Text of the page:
SoCal churches shut down by pandemic offer refuge to immigrants released from detention

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Tsegai, who fled persecution in Eritrea, holds a rosary given to him by family members. After he was released from the Adelanto ICE Processing Facility on Sept. 8, 2020, an Episcopal church in San Bernardino County took him in. Shut down by the COVID-19 pandemic, some churches are housing immigrants released from detention. (Gina Ferazzi / Los Angeles Times)

Tsegai, who fled persecution in Eritrea, holds a rosary given to him by family members. After he was released from the Adelanto ICE Processing Facility on Sept. 8, 2020, an Episcopal church in San Bernardino County took him in. Shut down by the COVID-19 pandemic, some churches are housing immigrants released from detention. (Gina Ferazzi / Los Angeles Times)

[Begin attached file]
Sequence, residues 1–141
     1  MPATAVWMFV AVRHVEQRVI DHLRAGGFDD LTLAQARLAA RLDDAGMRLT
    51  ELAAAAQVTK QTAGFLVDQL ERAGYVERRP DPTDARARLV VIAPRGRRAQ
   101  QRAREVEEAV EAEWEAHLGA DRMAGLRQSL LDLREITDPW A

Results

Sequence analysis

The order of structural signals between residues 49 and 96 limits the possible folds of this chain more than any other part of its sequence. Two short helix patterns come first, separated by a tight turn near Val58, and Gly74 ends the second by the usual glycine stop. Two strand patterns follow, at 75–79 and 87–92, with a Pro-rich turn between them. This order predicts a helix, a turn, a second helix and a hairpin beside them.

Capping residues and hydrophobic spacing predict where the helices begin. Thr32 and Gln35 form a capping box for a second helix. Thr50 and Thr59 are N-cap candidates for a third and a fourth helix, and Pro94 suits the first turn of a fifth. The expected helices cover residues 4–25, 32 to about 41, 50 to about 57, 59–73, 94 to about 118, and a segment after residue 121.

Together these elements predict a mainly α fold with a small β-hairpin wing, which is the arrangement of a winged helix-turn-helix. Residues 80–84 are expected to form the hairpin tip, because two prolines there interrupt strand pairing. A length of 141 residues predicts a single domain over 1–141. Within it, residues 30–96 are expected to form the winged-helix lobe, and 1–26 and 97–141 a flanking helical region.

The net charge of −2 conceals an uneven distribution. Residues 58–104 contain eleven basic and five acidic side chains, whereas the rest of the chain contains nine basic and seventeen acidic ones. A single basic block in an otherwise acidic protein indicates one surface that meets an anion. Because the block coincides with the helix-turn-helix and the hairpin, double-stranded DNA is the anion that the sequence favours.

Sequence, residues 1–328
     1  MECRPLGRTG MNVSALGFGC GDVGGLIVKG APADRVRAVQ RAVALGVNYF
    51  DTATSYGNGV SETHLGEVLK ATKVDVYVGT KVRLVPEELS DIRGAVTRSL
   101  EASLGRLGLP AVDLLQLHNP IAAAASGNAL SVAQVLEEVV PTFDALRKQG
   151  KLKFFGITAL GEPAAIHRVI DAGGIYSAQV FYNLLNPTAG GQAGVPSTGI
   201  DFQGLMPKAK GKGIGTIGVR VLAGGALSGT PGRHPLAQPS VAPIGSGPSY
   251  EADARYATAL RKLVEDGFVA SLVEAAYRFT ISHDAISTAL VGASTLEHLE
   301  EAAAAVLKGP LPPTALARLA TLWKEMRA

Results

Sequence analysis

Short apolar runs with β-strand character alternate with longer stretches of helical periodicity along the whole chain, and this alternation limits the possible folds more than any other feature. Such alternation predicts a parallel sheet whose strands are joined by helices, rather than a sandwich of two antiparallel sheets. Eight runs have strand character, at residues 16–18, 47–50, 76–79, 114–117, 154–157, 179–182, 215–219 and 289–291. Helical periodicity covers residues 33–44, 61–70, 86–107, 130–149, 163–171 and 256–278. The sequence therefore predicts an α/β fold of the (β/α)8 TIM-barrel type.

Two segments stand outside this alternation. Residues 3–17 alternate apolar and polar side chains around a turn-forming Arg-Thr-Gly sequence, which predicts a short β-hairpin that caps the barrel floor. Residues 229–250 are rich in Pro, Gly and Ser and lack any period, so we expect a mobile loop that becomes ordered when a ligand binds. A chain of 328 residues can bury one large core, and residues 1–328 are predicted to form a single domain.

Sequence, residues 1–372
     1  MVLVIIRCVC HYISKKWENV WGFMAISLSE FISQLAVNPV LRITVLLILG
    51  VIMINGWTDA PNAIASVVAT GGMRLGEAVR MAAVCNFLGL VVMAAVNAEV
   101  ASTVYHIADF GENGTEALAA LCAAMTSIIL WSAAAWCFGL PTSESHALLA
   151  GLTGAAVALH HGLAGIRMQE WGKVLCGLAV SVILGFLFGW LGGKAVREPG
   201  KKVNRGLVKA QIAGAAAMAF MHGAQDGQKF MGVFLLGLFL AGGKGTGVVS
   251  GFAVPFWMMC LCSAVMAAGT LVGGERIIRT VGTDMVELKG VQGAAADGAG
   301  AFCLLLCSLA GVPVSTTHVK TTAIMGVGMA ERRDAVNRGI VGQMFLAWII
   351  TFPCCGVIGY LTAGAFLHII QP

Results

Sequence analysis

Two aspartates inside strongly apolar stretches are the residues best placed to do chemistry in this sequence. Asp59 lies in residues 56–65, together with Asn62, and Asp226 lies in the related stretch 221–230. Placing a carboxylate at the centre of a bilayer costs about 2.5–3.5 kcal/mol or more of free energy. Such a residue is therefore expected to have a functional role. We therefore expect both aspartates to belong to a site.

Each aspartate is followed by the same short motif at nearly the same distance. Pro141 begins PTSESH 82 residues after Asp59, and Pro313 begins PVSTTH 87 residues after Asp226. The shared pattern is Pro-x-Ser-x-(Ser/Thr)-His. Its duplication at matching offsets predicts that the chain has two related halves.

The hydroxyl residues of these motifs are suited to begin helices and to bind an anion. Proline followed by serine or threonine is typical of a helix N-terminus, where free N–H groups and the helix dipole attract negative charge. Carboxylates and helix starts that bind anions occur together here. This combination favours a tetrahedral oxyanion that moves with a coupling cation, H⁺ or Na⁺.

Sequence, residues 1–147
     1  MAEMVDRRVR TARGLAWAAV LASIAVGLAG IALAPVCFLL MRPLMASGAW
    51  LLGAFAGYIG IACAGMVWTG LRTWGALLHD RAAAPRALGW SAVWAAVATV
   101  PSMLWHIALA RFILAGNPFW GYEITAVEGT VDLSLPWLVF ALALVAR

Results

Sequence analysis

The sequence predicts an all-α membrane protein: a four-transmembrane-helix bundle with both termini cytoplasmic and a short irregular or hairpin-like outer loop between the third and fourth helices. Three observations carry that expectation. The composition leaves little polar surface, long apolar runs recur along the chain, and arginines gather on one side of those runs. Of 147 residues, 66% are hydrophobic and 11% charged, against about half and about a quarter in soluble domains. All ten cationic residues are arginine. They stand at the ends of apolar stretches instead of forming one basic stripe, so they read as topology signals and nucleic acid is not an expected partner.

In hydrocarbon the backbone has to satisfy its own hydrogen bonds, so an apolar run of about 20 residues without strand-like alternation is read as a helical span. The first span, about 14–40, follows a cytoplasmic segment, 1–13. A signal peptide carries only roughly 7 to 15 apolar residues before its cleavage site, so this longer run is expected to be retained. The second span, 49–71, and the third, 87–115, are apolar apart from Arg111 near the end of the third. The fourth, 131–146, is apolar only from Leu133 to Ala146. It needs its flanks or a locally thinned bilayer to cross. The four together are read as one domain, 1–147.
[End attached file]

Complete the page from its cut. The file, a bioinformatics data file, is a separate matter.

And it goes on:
Before Tsegai fled Eritrea and made the months-long journey to the United States to seek asylum, his image of this country was colored by what he’d seen on TV.

America, he thought, was the kind of place where people could be welcomed in with nothing and manage to turn their lives around.

But when the 30-year-old arrived last year on Christmas Day, officials cuffed his wrists and ankles and led him to an Immigration and Customs Enforcement facility, where he spent eight months detained. Tsegai asked The Times to identify him only by his first name out of fear of persecution.

“I didn’t expect it, so it was a very terrifying experience,” he said through an interpreter.

Read the full story on LATimes.com.

Tsegai sits in the doorway of his room while staying in a church on Sept. 22, 2020 in San Bernardino County. (Gina Ferazzi/Los Angeles Times)
Tsegai sits in the doorway of his room while staying in a church on Sept. 22, 2020 in San Bernardino County. (Gina Ferazzi/Los Angeles Times)

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